YATESVILLE -- The residents of Reconciliation House have been working this Christmas season to serve the community they hope to rejoin soon.
Founder Angela Johnson moved the charity, which helps rehabilitate women who have recently been released from prison, to Monroe County from Jonesboro in 2003.
“In order to give back to the community that was helping them, we started delivering meals,” she explained.
They served just eight meals that first year, but that number has grown over the last decade. This year, the group has prepared 251 meals to distribute Christmas Day, which is actually a few less than the 275 they prepared last year.
“I was just telling them that some of the people on our list have passed away ... and some have gotten jobs,” Johnson said.
To get names for the list, Johnson hands out applications after Thanksgiving at the mobile food bank that the organization runs the third Wednesday of each month. She also distributes applications at the Department of Family and Children Services, the local senior center, the Board of Health and the Circle of Care Thrift Store.
“We want to serve everybody who needs some help,” Johnson said.
Besides the help of the home’s five residents, Johnson also had a trio of men from the Dismas Charities packaging desserts on Wednesday. Dismas is a halfway house in Macon, with a similar mission to that of Reconciliation House.
Alford Woods was among the group, along with Christopher Noland and Gromakio Baldwin.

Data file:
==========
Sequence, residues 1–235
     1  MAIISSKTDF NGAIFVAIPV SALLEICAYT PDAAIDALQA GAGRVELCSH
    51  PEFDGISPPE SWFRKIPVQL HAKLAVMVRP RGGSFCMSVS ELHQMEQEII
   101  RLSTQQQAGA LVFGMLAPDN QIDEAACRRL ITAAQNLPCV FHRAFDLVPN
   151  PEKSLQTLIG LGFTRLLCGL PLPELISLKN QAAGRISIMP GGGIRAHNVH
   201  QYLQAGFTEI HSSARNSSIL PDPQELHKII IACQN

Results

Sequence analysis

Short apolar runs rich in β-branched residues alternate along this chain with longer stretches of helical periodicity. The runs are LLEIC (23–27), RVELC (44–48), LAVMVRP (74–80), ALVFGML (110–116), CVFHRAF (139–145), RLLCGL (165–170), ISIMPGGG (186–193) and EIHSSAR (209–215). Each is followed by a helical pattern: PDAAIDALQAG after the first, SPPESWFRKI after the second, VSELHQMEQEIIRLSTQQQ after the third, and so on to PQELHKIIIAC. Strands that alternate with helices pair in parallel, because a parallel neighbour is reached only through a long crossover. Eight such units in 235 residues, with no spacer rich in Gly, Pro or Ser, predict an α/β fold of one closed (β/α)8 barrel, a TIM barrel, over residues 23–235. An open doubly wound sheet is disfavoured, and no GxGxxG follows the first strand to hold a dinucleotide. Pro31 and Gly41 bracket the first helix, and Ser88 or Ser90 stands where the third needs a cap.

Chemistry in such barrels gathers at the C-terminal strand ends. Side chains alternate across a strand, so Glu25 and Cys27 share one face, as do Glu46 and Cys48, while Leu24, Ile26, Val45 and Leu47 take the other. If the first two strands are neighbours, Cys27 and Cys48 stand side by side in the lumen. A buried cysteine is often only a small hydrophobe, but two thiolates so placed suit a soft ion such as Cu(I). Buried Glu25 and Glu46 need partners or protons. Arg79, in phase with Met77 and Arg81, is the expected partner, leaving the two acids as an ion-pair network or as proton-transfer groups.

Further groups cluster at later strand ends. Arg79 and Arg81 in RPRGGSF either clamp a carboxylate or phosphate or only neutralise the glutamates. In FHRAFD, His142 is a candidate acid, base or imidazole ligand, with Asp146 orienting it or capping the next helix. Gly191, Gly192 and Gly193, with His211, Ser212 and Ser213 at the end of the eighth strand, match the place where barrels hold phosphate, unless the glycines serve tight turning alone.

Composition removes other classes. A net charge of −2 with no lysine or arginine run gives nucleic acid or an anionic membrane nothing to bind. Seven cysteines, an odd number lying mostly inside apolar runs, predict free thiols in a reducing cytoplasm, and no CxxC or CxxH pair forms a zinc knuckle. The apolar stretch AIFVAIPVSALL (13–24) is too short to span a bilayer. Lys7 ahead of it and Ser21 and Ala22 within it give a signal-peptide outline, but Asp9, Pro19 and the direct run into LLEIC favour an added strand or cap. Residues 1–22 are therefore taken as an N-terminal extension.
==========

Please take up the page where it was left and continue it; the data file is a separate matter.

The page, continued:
“It’s liberating being able to help people in need,” Woods said.
Woods said he had not done much of the cooking, just helping with the packaging, but the food preparation is often the part that Johnson said her residents enjoy.
“Most of the time they’re excited because they want to try their own recipes,” she said.
Not all of the food comes from the Reconciliation House kitchen, though. Total Agape in Warner Robins smoked the turkeys and the hams, and Vida Ellis-Hughes, a 72-year-old retired lunchroom manager, made 150 yeast rolls to pack into the meals.
In addition, local grocery stores donated gift cards to help buy other items.
All of that goes into the service aspect of an outreach intended to prepare women to return to society after a stint behind bars. Johnson hopes that the women’s involvement in the Reconciliation House program will ease their transition and keep them from slipping back into crime.
“They won’t live in prison forever,” Johnson said. “It’s to eliminate recidivism.”
Reconciliation House also runs a summer camp for children whose parents are imprisoned around the state.
“It is our dream to make this grow ... because our dream is to make this a therapeutic community,” Johnson said.
To contact writer Jeremy Timmerman, call 744-4331.